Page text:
2 The current legal situation and obstacles for foreign enterprises listing in China.

2.1 The legal basis governing foreign enterprises listing in China.

In accordance with the rules stipulated in clause 12 of the Securities Law, shares, corporate bonds, and other issues and trades of securities in accordance with the law as stipulated by the State Council should be compatible with the Securities Law.

The legislative intent of the aforementioned regulations is comparatively broad: First, where securities are offered and listed domestically, they are principally governed by the Securities Law; Second, it seems that, where securities offerings and trades are made domestically they should be incorporated into the adjustment range regardless of whether the issuer is a domestic or foreign company. This can also be understood as Chinese Securities Law permitting the issue of securities in China by foreign issuers and domestic trade of those issues.

Although the 2nd Clause of the Securities Law can be understood as permitting foreign companies to issue securities and conduct transactions domestically, the custom on China’s securities markets is that without an explicit regulation issued by the State Council or the China Securities Regulatory Commission to clarify permission for the listing of foreign companies on domestic markets, foreign companies seeking to list domestically may be getting ahead of themselves.

Apart from this, potential listings by foreign companies would probably be through a system of Depository Shares calculated in RMB which have yet to be provided for under Chinese law. This would probably require the China Securities Regulatory Commission to announce regulations classifying these as stock, or a regulation to be issued by the State Council to determine Depository Shares as a legal form of security.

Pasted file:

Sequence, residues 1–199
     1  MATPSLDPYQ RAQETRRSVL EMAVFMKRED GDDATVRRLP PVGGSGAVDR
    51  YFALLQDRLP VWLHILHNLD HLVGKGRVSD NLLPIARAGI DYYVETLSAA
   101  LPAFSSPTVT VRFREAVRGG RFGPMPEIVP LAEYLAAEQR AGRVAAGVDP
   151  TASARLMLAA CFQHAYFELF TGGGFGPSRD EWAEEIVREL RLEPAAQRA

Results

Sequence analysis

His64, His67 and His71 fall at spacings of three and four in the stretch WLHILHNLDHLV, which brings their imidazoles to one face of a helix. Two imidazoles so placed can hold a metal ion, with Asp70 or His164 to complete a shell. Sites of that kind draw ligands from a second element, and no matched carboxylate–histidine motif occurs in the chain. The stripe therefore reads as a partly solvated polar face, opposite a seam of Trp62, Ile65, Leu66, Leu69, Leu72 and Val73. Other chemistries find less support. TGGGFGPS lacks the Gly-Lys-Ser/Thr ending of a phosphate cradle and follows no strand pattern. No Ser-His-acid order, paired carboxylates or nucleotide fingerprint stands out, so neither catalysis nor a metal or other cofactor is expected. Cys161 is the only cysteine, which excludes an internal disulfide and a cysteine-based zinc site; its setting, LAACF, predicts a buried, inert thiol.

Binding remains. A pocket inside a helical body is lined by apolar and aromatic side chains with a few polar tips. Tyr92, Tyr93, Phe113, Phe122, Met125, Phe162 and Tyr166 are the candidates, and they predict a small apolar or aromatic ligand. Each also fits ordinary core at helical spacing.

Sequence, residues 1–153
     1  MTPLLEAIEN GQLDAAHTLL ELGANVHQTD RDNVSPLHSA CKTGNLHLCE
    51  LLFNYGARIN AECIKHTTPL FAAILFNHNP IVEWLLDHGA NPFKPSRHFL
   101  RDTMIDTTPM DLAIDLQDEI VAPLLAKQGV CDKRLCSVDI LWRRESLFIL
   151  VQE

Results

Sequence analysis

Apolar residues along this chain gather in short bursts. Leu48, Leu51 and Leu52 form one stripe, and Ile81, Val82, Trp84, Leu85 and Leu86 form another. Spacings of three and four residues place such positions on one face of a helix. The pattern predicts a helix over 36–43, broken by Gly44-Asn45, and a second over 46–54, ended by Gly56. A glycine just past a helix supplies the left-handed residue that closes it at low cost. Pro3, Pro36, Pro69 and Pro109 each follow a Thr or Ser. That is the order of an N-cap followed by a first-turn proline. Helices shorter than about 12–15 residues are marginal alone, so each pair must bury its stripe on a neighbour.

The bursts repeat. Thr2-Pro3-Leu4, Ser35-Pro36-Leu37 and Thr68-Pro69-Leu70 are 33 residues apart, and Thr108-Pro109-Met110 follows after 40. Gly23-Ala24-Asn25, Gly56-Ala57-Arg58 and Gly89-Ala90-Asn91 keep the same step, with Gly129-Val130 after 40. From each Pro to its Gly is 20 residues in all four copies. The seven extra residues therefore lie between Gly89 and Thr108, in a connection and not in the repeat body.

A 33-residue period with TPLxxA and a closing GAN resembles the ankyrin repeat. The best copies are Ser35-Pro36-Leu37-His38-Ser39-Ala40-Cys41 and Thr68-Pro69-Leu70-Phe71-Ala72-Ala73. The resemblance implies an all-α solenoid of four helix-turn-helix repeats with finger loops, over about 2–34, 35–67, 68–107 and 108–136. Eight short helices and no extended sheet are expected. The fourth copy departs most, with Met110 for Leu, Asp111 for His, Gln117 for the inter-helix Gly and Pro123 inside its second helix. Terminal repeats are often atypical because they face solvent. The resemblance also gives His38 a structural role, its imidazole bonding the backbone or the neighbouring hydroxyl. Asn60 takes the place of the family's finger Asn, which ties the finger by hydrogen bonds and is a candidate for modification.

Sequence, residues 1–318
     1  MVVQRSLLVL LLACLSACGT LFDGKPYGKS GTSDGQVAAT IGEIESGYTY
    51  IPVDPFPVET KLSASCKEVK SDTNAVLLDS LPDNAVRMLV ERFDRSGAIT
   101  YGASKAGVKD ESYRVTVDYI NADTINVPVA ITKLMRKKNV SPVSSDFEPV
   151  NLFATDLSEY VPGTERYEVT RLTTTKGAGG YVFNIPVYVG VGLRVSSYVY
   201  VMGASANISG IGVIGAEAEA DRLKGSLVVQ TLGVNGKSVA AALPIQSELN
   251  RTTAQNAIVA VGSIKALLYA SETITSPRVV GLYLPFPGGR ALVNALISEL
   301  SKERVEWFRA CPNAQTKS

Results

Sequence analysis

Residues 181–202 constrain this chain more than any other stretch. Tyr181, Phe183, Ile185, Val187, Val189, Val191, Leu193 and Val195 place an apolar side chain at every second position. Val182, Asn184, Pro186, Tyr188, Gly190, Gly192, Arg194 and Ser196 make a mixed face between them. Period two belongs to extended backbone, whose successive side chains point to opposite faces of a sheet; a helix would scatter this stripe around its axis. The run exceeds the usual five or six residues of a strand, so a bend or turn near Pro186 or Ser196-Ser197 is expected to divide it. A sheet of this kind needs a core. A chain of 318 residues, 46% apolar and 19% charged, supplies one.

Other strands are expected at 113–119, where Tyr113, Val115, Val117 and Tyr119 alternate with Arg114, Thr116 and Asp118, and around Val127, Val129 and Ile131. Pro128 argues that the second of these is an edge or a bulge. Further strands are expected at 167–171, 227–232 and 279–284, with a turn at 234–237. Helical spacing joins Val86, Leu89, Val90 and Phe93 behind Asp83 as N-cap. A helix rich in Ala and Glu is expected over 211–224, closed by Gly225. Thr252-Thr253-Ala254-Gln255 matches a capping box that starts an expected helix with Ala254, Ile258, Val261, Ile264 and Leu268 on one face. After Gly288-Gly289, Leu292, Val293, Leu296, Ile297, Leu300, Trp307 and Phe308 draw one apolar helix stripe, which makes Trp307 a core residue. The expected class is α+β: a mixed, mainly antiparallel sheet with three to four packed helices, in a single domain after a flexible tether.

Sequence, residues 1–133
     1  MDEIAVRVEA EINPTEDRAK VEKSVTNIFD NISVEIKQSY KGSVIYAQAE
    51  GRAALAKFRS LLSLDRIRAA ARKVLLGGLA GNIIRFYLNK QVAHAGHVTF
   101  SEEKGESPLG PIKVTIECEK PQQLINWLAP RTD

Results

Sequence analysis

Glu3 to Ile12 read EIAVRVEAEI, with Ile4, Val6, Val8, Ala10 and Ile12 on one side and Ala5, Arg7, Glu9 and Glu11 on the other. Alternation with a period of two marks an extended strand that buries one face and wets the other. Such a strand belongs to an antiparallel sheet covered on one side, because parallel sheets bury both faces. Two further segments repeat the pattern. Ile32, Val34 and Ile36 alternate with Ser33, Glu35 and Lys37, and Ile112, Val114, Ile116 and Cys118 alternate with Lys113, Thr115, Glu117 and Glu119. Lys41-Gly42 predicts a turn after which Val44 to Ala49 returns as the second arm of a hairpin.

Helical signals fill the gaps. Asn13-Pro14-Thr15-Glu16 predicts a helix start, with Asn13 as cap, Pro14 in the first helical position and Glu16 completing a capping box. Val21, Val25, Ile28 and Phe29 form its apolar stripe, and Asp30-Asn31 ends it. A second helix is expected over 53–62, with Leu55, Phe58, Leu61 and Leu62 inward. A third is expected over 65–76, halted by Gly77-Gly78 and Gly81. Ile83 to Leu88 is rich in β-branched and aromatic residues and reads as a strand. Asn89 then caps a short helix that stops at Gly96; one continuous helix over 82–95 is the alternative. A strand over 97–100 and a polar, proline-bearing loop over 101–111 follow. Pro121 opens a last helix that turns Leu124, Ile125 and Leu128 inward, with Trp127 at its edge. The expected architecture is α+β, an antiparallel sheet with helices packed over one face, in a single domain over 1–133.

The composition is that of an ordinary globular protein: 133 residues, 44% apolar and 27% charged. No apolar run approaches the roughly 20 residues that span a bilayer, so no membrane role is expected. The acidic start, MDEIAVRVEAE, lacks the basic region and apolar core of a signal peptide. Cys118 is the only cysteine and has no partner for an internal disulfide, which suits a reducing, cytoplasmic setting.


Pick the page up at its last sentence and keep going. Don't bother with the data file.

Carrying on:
2.2 The compatibility of the domestic listing of foreign companies with Company Law.

Although the Securities Law may be understood as permission for foreign companies to list in China and be applied as such, another fundamental law – the Company Law – acts as a standard in governing companies listed in China, the scope of which applies to all companies in China. The restrictions within the scope of the Company Law affect foreign companies listing in China in the following two ways:

1.  It forbids foreign companies from undertaking the issuance of any securities on domestic markets.

According to the Securities Law, when a joint-stock company publically offers shares it must conform to articles of the Company Law of the People’s of China. Thus, one may think, companies established outside of China publically issuing shares in China is not permissible under Chinese Law.

2. On an operational level, foreign companies face obstacles in listing domestically.

With the exception of new share issues and the issuance of corporate bonds, whether private offerings, public offerings of new shares, public bond offerings, and listings of shares and bonds, China’s securities laws have not clarified that these can only be made by domestically registered companies, as stipulated in the 2nd clause of the Securities Law, it appears that the issuance of securities by foreign companies is, in principle, legal.